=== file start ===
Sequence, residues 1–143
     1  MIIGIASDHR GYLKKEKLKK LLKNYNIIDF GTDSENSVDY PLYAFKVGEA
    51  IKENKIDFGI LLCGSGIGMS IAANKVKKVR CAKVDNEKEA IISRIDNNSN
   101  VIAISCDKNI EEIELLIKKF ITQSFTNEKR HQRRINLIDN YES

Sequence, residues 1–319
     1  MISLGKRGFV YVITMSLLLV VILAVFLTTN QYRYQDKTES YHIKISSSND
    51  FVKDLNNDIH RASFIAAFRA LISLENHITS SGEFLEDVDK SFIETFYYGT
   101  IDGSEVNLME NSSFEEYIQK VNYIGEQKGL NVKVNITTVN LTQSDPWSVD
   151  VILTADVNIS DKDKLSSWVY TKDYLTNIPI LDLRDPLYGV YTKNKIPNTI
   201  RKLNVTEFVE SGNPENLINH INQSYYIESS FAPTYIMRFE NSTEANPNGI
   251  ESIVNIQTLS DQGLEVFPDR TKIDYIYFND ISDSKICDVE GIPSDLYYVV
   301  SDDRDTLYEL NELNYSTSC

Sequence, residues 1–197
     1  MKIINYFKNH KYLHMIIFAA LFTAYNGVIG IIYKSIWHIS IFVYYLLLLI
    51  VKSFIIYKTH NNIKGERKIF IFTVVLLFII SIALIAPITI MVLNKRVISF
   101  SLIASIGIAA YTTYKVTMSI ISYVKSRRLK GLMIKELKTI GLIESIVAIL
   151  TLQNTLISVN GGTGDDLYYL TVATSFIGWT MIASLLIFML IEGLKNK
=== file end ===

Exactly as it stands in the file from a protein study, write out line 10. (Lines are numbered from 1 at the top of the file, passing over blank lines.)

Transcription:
   201  RKLNVTEFVE SGNPENLINH INQSYYIESS FAPTYIMRFE NSTEANPNGI